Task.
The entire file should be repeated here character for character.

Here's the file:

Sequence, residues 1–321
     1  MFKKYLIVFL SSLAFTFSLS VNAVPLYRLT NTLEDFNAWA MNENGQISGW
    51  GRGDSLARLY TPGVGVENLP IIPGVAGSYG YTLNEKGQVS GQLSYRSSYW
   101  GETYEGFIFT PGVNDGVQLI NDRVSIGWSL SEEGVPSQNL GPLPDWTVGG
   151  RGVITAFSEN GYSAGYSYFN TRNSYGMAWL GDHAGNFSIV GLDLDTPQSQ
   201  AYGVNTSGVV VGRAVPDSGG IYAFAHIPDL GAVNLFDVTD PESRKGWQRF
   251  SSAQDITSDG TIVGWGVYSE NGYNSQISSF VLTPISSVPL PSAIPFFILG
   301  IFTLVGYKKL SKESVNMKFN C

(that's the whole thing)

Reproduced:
Sequence, residues 1–321
     1  MFKKYLIVFL SSLAFTFSLS VNAVPLYRLT NTLEDFNAWA MNENGQISGW
    51  GRGDSLARLY TPGVGVENLP IIPGVAGSYG YTLNEKGQVS GQLSYRSSYW
   101  GETYEGFIFT PGVNDGVQLI NDRVSIGWSL SEEGVPSQNL GPLPDWTVGG
   151  RGVITAFSEN GYSAGYSYFN TRNSYGMAWL GDHAGNFSIV GLDLDTPQSQ
   201  AYGVNTSGVV VGRAVPDSGG IYAFAHIPDL GAVNLFDVTD PESRKGWQRF
   251  SSAQDITSDG TIVGWGVYSE NGYNSQISSF VLTPISSVPL PSAIPFFILG
   301  IFTLVGYKKL SKESVNMKFN C